When atheists mention those parts of the bible that are unconvincing, “Jonah and the whale” are a frequent bullet point. Christian apologists deal with this objection pretty handily.
First, an apologist will point out that it wasn’t a “whale”, but was instead a “great fish”.
Second, a humongous fish that can swallow Jonah whole, and keep him alive for 3 days is really no problem for someone who believes that God can do the impossible. From Answers in Genesis:
Could God have prepared a great fish to be in the vicinity of the foundering ship, to scoop Jonah out of the raging sea, transport him to shore and vomit him up?
Absolutely! If He is the all-powerful Creator God, preparing a fish and timing the whole event was not a great drain on His power or ability. He is in no way limited by what He created.
See? God can do anything! A giant fish is really no problem, and is easily brushed away. Literalist Christians will insist it was a fish, and those who are slightly less literal will begrudge a whale – but either way, it is not a problem for them.
But to me, the most damaging part of the story is God’s apparent wishy-washiness. This story would seem to demonstrate that either God is capable of lying to his worshippers, or if he is not capable of lying – then he is unable to see the future. His omniscience comes into question.
In Jonah 1:2 God says, “Go immediately to Nineveh, that large capital city, and announce judgment against its people because their wickedness has come to my attention.” Jonah, of course, turns the other way and flees.
What was Jonah supposed to say to the people of Nineveh? Once he arrived, Jonah was supposed to announce that at the end of 40 days the entire city “would be overturned” – which is another way of saying that it would overthrown and destroyed, and has the connotation of destruction by military conquest. After he got out of the fish, and arrived in Nineveh, Jonah did make this announcement.
Why did Jonah flee, instead of going to Nineveh to make this announcement? Was it fear of God? Fear of destruction? Rejection of God?
No, Jonah was an honest man, a man of conviction who did not want to see himself made a liar. The announcement he made in Nineveh, the announcement that God had Jonah make, had no qualifiers to it. He didn’t say, “If you repent now, this fate will pass you by” – no he was very clear. In 40 days, the city would be “overturned”. There was no wiggle room.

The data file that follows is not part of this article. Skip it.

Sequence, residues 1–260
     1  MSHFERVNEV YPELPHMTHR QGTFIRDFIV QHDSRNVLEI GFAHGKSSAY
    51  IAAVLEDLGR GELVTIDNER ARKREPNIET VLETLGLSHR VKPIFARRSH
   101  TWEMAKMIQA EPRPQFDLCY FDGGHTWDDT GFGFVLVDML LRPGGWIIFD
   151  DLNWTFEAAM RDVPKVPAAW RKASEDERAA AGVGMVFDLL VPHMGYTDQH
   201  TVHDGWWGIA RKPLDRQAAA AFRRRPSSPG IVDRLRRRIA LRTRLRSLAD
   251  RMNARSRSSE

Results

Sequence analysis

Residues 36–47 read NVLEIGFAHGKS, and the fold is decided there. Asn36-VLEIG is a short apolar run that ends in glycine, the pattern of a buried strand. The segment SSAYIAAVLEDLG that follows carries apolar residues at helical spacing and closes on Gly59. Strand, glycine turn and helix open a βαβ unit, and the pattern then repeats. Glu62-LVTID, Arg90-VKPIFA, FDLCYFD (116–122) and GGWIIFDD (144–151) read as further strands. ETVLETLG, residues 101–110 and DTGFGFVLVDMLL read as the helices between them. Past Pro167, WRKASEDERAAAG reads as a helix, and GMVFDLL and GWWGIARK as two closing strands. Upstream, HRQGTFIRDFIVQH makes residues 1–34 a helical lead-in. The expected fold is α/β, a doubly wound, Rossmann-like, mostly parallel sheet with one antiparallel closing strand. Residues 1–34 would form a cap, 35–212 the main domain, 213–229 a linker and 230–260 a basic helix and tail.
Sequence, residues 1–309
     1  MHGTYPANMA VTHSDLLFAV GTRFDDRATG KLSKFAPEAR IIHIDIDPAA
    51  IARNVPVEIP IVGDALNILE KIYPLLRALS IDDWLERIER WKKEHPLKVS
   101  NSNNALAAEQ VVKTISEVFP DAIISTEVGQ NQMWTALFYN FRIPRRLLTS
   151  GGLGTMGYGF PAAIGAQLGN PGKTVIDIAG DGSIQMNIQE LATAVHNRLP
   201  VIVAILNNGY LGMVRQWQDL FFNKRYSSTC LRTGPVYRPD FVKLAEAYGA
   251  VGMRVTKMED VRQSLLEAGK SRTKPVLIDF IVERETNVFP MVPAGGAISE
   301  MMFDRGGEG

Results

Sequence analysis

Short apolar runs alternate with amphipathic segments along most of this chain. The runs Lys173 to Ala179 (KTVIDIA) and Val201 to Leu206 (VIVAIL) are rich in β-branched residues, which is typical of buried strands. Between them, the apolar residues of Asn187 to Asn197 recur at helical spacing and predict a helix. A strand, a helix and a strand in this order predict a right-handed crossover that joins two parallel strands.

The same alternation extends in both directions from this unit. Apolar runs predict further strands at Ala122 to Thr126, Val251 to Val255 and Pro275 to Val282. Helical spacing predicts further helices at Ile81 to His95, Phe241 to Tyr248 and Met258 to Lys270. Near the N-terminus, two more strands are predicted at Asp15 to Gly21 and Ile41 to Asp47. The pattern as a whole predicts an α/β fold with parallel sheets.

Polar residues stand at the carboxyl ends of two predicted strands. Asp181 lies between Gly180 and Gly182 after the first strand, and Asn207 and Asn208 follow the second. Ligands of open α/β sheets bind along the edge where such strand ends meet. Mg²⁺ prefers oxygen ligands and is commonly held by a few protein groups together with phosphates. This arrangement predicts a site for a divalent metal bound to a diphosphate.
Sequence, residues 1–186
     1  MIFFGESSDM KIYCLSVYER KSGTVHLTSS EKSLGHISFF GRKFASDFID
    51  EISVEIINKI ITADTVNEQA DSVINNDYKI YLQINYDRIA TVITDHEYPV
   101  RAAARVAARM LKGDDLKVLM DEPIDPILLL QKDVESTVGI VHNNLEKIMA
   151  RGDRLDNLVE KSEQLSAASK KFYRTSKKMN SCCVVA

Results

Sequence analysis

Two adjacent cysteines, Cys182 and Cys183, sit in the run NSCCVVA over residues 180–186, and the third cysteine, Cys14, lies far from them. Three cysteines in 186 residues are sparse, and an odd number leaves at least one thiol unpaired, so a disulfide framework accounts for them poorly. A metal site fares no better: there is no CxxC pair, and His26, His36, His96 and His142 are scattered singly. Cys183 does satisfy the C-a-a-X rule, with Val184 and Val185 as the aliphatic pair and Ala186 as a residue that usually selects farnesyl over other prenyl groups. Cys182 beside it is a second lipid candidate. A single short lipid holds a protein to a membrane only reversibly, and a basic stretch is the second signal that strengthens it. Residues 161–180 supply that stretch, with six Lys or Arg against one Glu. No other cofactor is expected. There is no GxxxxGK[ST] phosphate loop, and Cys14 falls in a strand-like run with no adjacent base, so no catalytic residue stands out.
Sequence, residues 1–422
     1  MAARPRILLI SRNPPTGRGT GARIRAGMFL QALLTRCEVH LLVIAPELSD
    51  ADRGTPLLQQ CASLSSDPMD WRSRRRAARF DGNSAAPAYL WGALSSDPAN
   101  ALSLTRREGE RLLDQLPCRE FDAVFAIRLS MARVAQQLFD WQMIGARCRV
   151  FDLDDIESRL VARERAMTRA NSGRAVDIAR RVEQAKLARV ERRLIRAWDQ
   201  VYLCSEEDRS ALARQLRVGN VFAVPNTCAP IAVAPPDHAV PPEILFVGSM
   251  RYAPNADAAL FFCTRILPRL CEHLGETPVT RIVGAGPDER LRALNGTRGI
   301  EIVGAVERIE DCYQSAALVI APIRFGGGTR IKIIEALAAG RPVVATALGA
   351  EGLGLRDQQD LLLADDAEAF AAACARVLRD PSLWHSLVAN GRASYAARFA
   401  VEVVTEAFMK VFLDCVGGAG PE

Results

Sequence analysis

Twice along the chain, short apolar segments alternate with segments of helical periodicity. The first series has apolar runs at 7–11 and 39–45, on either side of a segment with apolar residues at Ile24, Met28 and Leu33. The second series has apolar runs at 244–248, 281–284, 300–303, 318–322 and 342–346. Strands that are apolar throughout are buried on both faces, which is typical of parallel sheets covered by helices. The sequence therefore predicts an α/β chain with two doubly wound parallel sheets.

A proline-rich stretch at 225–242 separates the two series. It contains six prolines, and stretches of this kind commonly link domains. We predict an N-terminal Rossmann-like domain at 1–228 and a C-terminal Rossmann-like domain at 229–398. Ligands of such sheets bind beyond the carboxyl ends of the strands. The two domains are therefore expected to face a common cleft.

But the citizens of Nineveh repented in the hopes that this fate would pass them by. They repented from the King all the way down to the youngest citizen. They covered themselves in sack-cloth and ashes, and refused to eat – and refused to let even their animals and livestock to eat.
And God stayed his judgment due to their repentance.
And Jonah prayed to God and said, (paraphrased) “This is why I fled, instead of following your instructions to go to Nineveh. I fled to try to prevent this, because I KNEW you were going to do this!” Jonah threw a fit over this, and demanded to be allowed to die on the spot.
God then goes through a little morality play in order to tell Jonah that he really doesn’t have a right to be angry. And that the population of Nineveh, all 120,000 of them, were unable to tell the difference between right and wrong, and therefore deserve pity.
My first thought at God’s response to Jonah is that God isn’t very well versed in human psychology. Of course we have the right to our feelings – they are ours. We don’t have the right to act out on our feelings. Telling us that we don’t have a right to our feelings is a way to make us feel guilty over having such feelings. But why should I be surprised that God would want people to feel guilty? That’s the default state of most Catholics!
A little more seriously, my second thought is that God takes pity on the tens of thousands of citizens of Nineveh for their inability to know right from wrong, but has no problem exacting vengeance for the Israelites on the Midianites – including killing every male Midianite – all the way down in age to innocent babies. Apparently the “gracious and compassionate” “abounding in mercy” God that Jonah whines about in Jonah 4:2 runs out of that compassion for the innocent in Numbers 31.
But what is most striking is the implication of the entire story. God tells Jonah to go to Nineveh and announce that they are doomed. And then (due to the actions of the citizens of Nineveh) God changes his mind.
Did God not know he was going to change his mind? Could he not see the future and see how the citizens of Nineveh would react? If so, then his command to Jonah was truthful, but his omniscience is lacking.
Could God see what Jonah’s announcement would do to Nineveh? Could he see that he would choose mercy in the future? If so then his omniscience is fine, but this shows that God is willing to lie to one of his own prophets. And if God lies, then everything about Christianity is immediately thrown into doubt.
This is where I get the title of this blog entry. My New English Translation quotes Jonah as saying, “This displeased Jonah terribly and he became very angry.” In this context, “This” means God’s decision to show mercy on Nineveh, which has made Jonah a liar. Another translation of this passage from Hebrew could be, “It was evil to Jonah, a great evil.” (“It” refers to God’s actions.)
No wonder Jonah was so angry – you would expect a God who is both good and omniscient to be incapable of screwing up so badly.